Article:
Adding Udev Rule To Add A Virtual AP Device At Boot Time

Before we can operate our access point, we need a device allocated for it, similar to how systemd allocates a wlan0 device at boot time. On the build of Raspbian Stretch I’m using, only wlan0 is available automatically. We create a file caled /etc/udev/rules.d/70-persistent-net.rules which contains the following:

SUBSYSTEM=="ieee80211", ACTION=="add|change", ATTR{macaddress}=="b8:27:eb:ff:ff:ff", KERNEL=="phy0", \
  RUN+="/sbin/iw phy phy0 interface add ap0 type __ap", \
  RUN+="/bin/ip link set ap0 address b8:27:eb:ff:ff:ff"

Note that you must replace both MAC addresses above with that of your own RPi. You can find yours in various ways, such as from your router’s client list, or from the RPi’s command line via iw dev:

pi@raspberrypi:~$ iw dev
        Unnamed/non-netdev interface
                wdev 0x4
                addr ba:27:eb:07:28:1f
                type P2P-device
                txpower 31.00 dBm
        Interface wlan0
                ifindex 2
                wdev 0x1
                addr b8:27:eb:ff:ff:ff
                ssid <YOUR HOME SSID> 
                type managed
                channel 6 (2437 MHz), width: 20 MHz, center1: 2437 MHz
                txpower 31.00 dBm

A number of tutorials I found claimed that the address for the virtual AP must be different from the primary MAC address. I found there to be no difference in behavior, but you should be able to change the last byte, for example, to give your client and AP different MACs.

The device we created above is called ap0. We will refer to this elsewhere, so if you decide to change the name, make sure to use the new name everywhere else I reference it, or things won’t work correctly.

Installing Dnsmasq and Hostapd

  • Dnsmasq – This program has extensive features, but for our purposes we are using it as a DHCP server for our WiFi AP.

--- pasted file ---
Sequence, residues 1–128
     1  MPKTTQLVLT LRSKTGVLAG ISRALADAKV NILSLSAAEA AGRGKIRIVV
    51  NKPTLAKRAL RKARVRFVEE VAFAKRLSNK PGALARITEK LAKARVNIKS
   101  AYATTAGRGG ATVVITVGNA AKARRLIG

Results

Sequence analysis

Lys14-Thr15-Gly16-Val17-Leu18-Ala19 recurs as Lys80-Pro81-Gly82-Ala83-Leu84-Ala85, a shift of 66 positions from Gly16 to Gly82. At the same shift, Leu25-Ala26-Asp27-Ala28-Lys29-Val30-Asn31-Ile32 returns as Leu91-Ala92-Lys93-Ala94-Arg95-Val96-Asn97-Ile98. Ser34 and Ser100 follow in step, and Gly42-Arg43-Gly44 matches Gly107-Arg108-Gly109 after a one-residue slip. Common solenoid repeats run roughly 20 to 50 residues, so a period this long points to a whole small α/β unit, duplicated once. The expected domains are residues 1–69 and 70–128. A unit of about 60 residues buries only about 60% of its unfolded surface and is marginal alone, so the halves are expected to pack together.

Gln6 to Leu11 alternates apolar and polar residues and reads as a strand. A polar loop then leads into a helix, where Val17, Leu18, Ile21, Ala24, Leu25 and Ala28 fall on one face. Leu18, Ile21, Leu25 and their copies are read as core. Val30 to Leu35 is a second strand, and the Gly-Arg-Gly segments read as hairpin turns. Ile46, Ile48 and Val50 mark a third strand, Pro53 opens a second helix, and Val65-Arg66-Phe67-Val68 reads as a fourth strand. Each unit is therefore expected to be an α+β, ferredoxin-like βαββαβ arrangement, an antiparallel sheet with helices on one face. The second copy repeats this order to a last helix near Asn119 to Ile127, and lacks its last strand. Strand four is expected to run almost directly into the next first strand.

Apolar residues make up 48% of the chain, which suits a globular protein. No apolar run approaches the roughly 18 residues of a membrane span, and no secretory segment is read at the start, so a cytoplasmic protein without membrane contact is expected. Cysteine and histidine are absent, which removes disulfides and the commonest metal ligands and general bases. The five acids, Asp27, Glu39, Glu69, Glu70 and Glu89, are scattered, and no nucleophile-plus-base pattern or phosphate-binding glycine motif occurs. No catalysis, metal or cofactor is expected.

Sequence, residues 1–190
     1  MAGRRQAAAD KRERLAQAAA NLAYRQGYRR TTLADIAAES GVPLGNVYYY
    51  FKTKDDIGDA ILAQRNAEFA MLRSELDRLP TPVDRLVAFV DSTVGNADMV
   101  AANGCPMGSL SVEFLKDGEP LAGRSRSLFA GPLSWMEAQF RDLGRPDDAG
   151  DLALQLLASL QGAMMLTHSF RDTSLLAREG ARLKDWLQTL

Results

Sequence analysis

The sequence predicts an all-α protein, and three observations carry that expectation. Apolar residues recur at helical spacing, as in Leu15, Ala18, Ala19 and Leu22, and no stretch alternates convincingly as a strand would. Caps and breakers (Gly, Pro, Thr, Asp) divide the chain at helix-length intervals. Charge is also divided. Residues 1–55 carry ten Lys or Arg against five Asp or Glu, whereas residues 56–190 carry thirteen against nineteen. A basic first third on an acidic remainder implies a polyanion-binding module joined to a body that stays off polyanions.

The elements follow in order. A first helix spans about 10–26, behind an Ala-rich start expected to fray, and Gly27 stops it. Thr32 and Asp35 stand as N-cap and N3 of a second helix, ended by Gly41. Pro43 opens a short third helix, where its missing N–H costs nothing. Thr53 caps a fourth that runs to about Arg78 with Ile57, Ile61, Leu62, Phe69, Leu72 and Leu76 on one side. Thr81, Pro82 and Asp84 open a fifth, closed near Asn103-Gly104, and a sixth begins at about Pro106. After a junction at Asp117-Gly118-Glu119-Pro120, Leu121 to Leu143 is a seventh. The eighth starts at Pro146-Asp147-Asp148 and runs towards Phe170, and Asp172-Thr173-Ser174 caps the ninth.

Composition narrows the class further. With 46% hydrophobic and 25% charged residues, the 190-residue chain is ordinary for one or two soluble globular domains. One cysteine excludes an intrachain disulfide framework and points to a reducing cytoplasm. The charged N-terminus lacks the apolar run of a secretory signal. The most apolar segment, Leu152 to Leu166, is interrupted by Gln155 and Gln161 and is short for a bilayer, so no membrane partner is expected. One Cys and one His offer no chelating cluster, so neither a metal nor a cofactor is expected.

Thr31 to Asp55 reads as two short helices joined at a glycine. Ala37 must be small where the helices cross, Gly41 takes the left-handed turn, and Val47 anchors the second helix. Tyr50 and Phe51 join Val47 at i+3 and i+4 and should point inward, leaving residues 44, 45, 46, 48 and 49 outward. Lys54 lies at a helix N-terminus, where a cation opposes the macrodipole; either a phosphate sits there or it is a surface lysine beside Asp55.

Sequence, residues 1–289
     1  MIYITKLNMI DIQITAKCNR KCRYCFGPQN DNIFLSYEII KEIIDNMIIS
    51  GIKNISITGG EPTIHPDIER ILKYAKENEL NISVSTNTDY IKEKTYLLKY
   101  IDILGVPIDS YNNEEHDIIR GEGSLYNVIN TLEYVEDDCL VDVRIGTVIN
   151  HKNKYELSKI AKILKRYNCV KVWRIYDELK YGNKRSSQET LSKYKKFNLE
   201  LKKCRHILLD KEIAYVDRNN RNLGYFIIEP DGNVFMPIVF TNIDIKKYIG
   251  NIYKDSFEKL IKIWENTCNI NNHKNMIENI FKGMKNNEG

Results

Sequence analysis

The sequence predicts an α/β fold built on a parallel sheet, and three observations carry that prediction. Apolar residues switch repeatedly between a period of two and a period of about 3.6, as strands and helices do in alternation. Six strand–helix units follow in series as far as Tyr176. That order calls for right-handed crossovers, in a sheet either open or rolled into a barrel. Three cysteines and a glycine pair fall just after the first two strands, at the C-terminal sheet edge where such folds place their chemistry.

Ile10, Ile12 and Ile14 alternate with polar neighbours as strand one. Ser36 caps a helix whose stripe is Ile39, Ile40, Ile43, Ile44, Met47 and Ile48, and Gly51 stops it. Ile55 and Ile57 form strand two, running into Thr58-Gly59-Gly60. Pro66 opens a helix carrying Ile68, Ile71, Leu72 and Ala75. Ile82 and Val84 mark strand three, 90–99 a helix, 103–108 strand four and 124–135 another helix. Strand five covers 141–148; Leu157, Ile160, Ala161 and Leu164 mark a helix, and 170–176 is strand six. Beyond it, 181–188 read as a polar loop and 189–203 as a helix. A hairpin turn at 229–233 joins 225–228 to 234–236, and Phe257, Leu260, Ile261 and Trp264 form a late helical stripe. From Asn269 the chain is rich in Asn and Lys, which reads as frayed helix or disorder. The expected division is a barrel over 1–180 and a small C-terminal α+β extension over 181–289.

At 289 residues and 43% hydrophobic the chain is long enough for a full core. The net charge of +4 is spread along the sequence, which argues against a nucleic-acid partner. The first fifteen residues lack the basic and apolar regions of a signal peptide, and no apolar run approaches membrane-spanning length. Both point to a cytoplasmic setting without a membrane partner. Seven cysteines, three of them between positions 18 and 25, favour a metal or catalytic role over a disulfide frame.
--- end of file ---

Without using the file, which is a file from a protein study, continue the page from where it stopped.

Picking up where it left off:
• Hostapd – This program defines our AP’s physical operation based on driver configuration.

Installing these is an easy affair:

$ sudo apt-get install dnsmasq hostapd

Wait awhile, and this process should complete. The install process may automatically start the dnsmasq.service in systemd right after installation and it will probably fail, since ap0 does not exist until we reboot. Disregard this for now.

Next, we need to modify 3 files. First we modify /etc/dnsmasq.conf by adding the following lines at the end of the file:


Once again, notice we reference ap0 above, so use your device name here if you changed it earlier. I’ve added Google’s DNS server IP here ( but feel free to use one from your router/ISP/or whatever. I’ve also made the assumption that our DHCP server will give out addresses on the subnet, ranging from .50 to .150. You can substiute your own subnet here, but be sure to remember it for later, as it should match the static IP we assign your AP. The 12 hour lease time can also be arbitrarily changed to suit your needs.

Next, we need to modify the file at /etc/hostapd/hostapd.conf. I found many different parameters that can go in here, but this is what worked for me. Feel free to experiment further by poking around online. Lets do this for now:

wpa_pairwise=TKIP CCMP

A couple things to note here:

  1. Replace YourApNameHere and YourPassPhraseHere with the SSID and Passphrase you wish to use.
  2. I read multiple sources claiming that the channel you use here must match the channel that your wlan0 iterface is using for its WiFi connection, as reported by iw dev. In my testing, it looks like the RPi’s AP will dynamically change channels to match whatever channel the wlan0 interface is currently using. I watched this happen in real time by rebooting the WiFi AP the RPi was using, forcing it to roam and switch to another AP in my house. In the process, wlan0 switched from channel 11 to channel 6, and ap0 did the same, without losing connectivity.

Finally, we modify /etc/default/hostapd like so:


This tells the hostpad daemon to use our new conf file. (To be honest, I’m not sure if this matters since we will be launching hostapd manually and pointing to the proper config file, but it shouldn’t hurt anything.)

Modify Our Interfaces File

Next, we need to define our WiFi network interfaces, both for our managed access (wlan0) and for our access point (ap0). We will also use wpa_supplicant to assist with connecting to WPA-encrypted WiFi networks. If you followed the “headless” bring-up tutorial I mentioned in the prereqs, you will have already touched both of the following files and configured wlan0 as required. In that case, we’ll be adding a static IP definition for ap0. First, we modify /etc/wpa_supplicant/wpa_supplicant.conf as so:

ctrl_interface=DIR=/var/run/wpa_supplicant GROUP=netdev



Again, you should replace the SSIDs and Passphrases above with your own. You aren’t required to name multiple SSIDs here, but if you add more, the RPi can roam between networks if configured correctly, as we will do below. The id_str field can be used as a quick reference name in our interfaces file. You should also change the country code to whatever is appropriate for your region.